BEYOND MERE SURVIVAL


Q&A high school

here are some of the high school questions

4. Are there gangs of people that sexual assault?

Gang rape (as of gang members raping) does happen, but it’s more of an overblown media story than the reality of sexual assault. What is more frequent is that rape can happen at the hands of a group of people. That’s because there can be a lot of peer pressure to engage in a certain behavior within a group, or because the toxic ideas of gender we talked about on the first day can be exacerbated in a group setting, and sexual assault can become a way to prove one’s toughness, or masculinity. That’s why it’s so important to speak up against behaviors that are hurtful.


1. What if you are in an isolated place and you get raped?

Most people are raped in isolated places, as to minimize risks of getting caught. In terms of what you should you do if you are sexually assaulted, it really depends. Everyone has a different reaction to being attacked, and there is not necessarily one “good” way to react. Some people physically resist the assault, and some become numb because they are so scared, it’s important to remember that whatever reaction you had was appropriate, and that it’s important to trust your instincts. If you feel in danger, try to find a safer place. Many people say they felt unsafe but did not leave the situation for fear of being ridiculed, or because they did not want to show that they were uncomfortable.
2. How likely is it that the same perpetrator will strike the same victim again?
Many people that sexually assault are repeat offenders. There are several reasons for that: we have seen that holding certain beliefs of superiority and entitlement over other people can lead people to believe that it’s ok to rape as a way to feel powerful, to control and to humiliate. Rape can become a way for people to feel in power, and it has little to do with sexual desire. If a person feels that there will be no or little consequences for their choice to assault they might do it again. Consequences for raping are not limited to jail time, but could be isolation from friends and family, loss of jobs, humiliation and social shunning. Unfortunately there is very little research about the frequency of repeat rape because sexual assault is an incredibly difficult crime to measure and quantify.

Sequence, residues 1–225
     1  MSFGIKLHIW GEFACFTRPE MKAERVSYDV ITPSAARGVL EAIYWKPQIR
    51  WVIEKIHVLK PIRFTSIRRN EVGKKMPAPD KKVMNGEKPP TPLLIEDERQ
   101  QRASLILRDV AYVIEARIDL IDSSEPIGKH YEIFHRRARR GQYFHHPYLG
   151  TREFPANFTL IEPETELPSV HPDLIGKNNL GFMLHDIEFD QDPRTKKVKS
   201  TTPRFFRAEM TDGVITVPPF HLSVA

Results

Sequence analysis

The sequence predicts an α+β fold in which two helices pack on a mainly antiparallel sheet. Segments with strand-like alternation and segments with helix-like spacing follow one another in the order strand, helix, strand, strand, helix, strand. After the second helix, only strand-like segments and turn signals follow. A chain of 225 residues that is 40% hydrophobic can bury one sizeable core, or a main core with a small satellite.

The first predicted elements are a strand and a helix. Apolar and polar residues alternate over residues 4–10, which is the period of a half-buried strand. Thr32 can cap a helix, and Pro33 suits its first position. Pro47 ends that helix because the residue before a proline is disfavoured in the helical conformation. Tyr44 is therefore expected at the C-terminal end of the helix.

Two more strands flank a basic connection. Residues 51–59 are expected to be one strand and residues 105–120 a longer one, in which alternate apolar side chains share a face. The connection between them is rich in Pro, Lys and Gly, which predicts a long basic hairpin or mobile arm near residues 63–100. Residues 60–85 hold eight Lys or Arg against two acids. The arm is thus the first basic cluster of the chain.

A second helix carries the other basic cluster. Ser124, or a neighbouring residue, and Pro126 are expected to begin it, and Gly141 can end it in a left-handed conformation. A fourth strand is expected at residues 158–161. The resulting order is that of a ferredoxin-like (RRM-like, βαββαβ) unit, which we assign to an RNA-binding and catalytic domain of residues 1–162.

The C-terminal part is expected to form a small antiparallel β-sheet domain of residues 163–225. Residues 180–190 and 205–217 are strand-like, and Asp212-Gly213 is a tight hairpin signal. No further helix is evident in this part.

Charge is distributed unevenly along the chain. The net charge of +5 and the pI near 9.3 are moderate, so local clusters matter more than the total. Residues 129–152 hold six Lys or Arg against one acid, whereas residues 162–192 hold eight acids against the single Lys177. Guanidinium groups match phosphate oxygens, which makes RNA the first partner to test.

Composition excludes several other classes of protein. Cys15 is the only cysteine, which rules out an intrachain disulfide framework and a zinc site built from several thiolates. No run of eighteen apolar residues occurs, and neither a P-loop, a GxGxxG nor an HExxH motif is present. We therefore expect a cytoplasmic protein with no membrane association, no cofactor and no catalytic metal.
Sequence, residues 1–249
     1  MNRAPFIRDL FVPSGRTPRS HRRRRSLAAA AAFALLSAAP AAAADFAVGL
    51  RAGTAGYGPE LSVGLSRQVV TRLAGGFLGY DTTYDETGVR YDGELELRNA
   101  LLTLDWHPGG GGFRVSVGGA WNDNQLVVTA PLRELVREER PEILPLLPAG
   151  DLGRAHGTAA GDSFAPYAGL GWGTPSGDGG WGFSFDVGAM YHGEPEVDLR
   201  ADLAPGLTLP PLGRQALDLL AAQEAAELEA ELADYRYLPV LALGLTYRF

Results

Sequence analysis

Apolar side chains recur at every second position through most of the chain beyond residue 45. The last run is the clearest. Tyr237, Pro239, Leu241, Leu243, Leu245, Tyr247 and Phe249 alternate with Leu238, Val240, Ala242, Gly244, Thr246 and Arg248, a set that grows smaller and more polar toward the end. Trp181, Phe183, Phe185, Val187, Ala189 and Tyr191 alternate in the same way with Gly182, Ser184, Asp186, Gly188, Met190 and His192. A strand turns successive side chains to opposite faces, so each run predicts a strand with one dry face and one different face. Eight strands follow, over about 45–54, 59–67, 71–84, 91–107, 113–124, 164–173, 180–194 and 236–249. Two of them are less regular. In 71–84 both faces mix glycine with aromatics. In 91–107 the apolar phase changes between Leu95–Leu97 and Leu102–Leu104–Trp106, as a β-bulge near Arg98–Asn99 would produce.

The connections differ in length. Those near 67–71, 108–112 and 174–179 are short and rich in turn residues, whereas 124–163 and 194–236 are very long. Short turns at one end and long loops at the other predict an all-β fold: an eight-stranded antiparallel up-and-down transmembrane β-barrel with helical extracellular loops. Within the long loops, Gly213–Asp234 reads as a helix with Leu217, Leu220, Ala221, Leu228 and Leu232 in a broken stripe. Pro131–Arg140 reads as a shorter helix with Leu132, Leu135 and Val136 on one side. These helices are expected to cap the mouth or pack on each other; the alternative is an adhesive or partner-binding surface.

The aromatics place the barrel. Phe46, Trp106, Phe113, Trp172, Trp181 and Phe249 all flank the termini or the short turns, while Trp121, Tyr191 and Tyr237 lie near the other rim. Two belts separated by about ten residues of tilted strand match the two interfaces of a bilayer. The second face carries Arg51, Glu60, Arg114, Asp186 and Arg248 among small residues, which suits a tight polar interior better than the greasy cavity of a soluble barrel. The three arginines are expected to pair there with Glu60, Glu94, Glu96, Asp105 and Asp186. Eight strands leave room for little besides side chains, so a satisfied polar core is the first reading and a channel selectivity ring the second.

3. How can a girl rape a boy?
We have seen that rape is not just forcing someone to have sex. Making somebody have sex through pressure, coercion, or threats is also rape. A woman can rape a man by using these tools of coercion. If you mean how it is physically possible, men’s bodies can have a sexual response to rape and sexual assault, because that’s what we are physiologically meant to do. I want to point out that most rapes are perpetrated by men, even when the victims are men, and not women. Another important note is that men that rape other men are straight men, which illustrates the fact that rape is not about sex; it’s about control and power.
4. Is it true that people that are more sexually “inclined” are more likely to rape, even though rape is about power and control?
Rape can become a tool to prove one’s masculinity, and we saw that one of the pressures that men have from society is to have many sexual partners, and to be overly sexual in order to be a “real” man. So the power and control motive is still there, even if sexual assault can be a way to prove one’s sexual prowess.


5. How is it acceptable to not report rape? Isn’t it everyone’s responsibility to report, so it stops happening?

As we saw in question #3, some of the most powerful deterrent when it comes to rape are not the treats of jail time, but the fear of losing social status, friends and family, or a job. One of the most powerful ways we have to stop sexual assault is to not tolerate a culture where some people are worth less than others, where we feel entitled to treat others poorly because of gender, sexual orientation, race or class. That can be calling someone out on a sexist joke, or just watching out for our own way of treating other people.
Another step would be to push for a criminal justice system that strives for true accountability, where survivors are heard, and where offenders have a chance to change instead of sitting in a cell for a few years and then being released back into society.

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